Plunging financial markets are sure to dent WA’s economic prospects, but the positive factors driving strong growth have not suddenly evaporated.
THE past week has been one of those scary periods when rational and sober analysis counted for little.
Deregulated financial markets often have a tendency to experience volatile swings, but rarely do they swing as wildly as they have done during the past week.
We should be thankful for that, because dramatic swings, particularly on the downside, inevitably have a flow-on effect to the real world.
At the very least, the uncertainty engendered by market volatility has an adverse effect on consumer and business confidence.
Volatile markets can also make it harder to lock-in funding, particularly on equity markets, and complicate business planning.
How do you evaluate a business proposal when the Australian dollar, for instance, surges unexpectedly to 110 US cents then tumbles rapidly back towards parity? Where will it be trading next month, let alone next year?
Relative to equity prices and currency values, the outlook for Australian interest rates is easier to manage, but that will be of little consolation.
Markets are divided over the next move in official interest rates, though the events of the past week have made it more likely the Reserve Bank will hold rates steady or possibly cut rates.
When it evaluates interest rate options, the Reserve’s analysis will be underpinned by its forecasts for the global and Australian economies.
The same should apply when businesses undertake their own planning.
And the consensus is that, while Europe and North America have major economic and financial issues that need to be addressed, the prospects are more positive across Asia and other emerging economies, which have been the key drivers of Western Australia’s strong growth.
The most recent definitive analysis of these matters was provided last Friday by the Reserve Bank.
The news was not glowing, nor was it doom and gloom. The Reserve said the global economy was continuing to expand at rates equal to, or above, the long-run average.
“Growth remains robust through most of Asia, including China, with domestic demand growing strongly and unemployment rates trending lower,” it said.
The central bank acknowledged that global risks to its central economic scenario were “weighted to the downside.”
“There remains a possibility that the sovereign debt problems in Europe and the US play out in a disorderly and disruptive manner, and that this leads to a marked rise in global risk aversion and uncertainty,” it said.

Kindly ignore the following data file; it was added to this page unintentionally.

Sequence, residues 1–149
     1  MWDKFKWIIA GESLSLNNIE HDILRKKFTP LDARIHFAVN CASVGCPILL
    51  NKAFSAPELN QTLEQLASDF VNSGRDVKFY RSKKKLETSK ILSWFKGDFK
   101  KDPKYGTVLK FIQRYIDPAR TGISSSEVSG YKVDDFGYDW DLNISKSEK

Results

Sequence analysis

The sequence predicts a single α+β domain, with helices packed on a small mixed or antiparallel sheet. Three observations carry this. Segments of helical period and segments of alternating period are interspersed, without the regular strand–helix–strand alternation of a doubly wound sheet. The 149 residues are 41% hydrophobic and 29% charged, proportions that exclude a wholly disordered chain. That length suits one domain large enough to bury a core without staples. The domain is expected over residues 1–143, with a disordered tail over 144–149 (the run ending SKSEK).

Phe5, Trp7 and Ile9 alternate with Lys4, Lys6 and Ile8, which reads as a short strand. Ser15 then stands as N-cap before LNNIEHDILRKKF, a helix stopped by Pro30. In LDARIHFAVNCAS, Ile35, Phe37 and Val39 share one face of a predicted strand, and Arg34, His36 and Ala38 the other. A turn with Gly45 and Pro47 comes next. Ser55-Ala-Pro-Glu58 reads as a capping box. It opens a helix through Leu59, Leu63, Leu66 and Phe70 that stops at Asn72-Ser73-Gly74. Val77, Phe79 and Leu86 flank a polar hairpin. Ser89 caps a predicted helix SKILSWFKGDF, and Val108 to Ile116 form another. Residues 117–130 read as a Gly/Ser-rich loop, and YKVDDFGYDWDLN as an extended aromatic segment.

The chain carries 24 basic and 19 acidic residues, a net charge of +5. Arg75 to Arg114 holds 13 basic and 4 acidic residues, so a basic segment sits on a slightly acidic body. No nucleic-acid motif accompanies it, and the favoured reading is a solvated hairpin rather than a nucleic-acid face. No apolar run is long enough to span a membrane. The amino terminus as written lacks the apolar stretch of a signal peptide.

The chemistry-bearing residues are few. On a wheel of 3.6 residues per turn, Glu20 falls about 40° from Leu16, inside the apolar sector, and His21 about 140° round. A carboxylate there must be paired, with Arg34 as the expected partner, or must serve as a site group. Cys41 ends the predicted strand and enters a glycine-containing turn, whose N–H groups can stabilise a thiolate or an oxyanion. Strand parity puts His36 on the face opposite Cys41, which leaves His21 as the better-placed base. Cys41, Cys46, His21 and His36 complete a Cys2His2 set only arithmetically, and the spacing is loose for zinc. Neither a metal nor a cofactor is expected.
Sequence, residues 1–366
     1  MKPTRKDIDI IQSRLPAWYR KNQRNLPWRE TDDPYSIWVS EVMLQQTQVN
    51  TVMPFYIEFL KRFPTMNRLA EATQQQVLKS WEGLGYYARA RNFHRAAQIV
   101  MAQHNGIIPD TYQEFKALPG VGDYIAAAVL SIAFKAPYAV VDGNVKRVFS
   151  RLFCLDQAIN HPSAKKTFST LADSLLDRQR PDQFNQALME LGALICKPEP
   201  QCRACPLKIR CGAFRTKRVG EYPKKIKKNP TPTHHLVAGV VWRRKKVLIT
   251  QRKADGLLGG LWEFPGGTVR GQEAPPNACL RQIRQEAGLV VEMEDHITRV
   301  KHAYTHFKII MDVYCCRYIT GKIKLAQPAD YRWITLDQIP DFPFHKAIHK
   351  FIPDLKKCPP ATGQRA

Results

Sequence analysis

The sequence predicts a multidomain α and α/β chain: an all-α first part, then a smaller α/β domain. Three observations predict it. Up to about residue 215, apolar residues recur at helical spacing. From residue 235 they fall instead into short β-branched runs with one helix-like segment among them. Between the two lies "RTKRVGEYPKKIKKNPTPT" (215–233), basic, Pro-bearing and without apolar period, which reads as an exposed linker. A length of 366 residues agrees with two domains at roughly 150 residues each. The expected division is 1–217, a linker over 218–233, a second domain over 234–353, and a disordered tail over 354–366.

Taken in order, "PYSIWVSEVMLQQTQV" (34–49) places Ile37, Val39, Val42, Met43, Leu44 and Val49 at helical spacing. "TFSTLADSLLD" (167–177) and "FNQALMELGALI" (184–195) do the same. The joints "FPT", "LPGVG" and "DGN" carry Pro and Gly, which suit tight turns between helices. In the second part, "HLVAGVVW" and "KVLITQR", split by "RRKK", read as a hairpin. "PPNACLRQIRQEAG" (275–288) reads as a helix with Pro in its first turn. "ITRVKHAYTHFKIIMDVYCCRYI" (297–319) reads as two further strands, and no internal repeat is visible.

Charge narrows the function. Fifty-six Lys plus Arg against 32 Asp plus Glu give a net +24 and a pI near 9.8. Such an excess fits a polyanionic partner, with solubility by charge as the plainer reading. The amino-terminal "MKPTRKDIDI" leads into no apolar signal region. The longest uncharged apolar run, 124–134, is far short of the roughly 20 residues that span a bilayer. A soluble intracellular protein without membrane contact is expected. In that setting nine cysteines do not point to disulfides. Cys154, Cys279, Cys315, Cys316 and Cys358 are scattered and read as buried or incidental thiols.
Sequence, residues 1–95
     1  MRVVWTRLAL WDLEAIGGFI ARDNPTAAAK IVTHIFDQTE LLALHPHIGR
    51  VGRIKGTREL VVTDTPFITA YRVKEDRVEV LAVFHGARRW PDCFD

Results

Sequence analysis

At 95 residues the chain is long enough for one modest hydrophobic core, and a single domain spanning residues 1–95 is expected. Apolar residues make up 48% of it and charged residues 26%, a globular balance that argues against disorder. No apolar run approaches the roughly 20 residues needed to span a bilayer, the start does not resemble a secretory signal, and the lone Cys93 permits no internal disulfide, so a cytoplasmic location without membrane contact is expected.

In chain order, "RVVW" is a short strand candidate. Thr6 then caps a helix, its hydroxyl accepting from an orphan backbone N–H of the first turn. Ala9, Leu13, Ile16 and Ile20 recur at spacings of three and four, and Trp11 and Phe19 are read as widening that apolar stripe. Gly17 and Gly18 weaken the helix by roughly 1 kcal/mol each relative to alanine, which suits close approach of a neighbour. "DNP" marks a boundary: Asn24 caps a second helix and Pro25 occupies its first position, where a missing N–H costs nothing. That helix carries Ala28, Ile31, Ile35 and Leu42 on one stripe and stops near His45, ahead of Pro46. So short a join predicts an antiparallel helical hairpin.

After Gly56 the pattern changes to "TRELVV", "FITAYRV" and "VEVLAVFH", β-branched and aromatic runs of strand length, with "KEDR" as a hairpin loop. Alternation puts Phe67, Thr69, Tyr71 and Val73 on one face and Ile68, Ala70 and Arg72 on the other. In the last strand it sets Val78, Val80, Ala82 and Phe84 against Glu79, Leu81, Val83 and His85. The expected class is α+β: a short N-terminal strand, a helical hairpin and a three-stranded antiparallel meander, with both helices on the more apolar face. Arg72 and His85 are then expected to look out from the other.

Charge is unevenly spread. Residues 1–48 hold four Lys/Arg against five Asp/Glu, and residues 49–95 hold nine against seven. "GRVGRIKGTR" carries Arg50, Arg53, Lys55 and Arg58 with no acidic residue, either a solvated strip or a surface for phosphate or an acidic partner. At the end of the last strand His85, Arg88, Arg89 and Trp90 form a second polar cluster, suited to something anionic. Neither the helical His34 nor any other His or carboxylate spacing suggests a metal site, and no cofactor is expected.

That is exactly what has happened over the past week. It also acknowledged that most developed countries have limited capacity to respond.
“While the exposures in the financial system are better understood than they were in 2008, the scope for easing monetary and fiscal policies in most major economies is very limited.
“In contrast, in many emerging market economies, including those in Asia, the main concern is the increase in inflation and signs of overheating, including in some asset markets. In most of these economies, there has been further tightening of monetary policy.”
To put Australia’s outlook in context, we need to remember that the country’s unemployment rate will remain about 5 per cent, much lower than most other countries and the level that prevailed here through most of the 1980s and 1990s.
Jobs growth will continue to be fuelled by investment in resources projects, driven by demand for iron ore, liquefied natural gas and coal from China and India.
“Mining investment, as a share of GDP, is already at historically high levels and is expected to increase further as large expansions take place in the LNG, iron ore and coal sectors,” the central bank said.
Unfortunately, the outlook for other sectors, such as retail, tourism and housing construction, continues to be weak.
On balance, there are many positives for WA. Perhaps recent developments will actually deliver a better overall outcome for this state, if they take some of the heat out of commodity markets.
If that leads to a slowdown in project development, that would ameliorate the supply side pressures that are arguably the major issue facing many businesses in the state.
We don’t want a boom or a bust, we want sustained strong growth; and that looks achievable.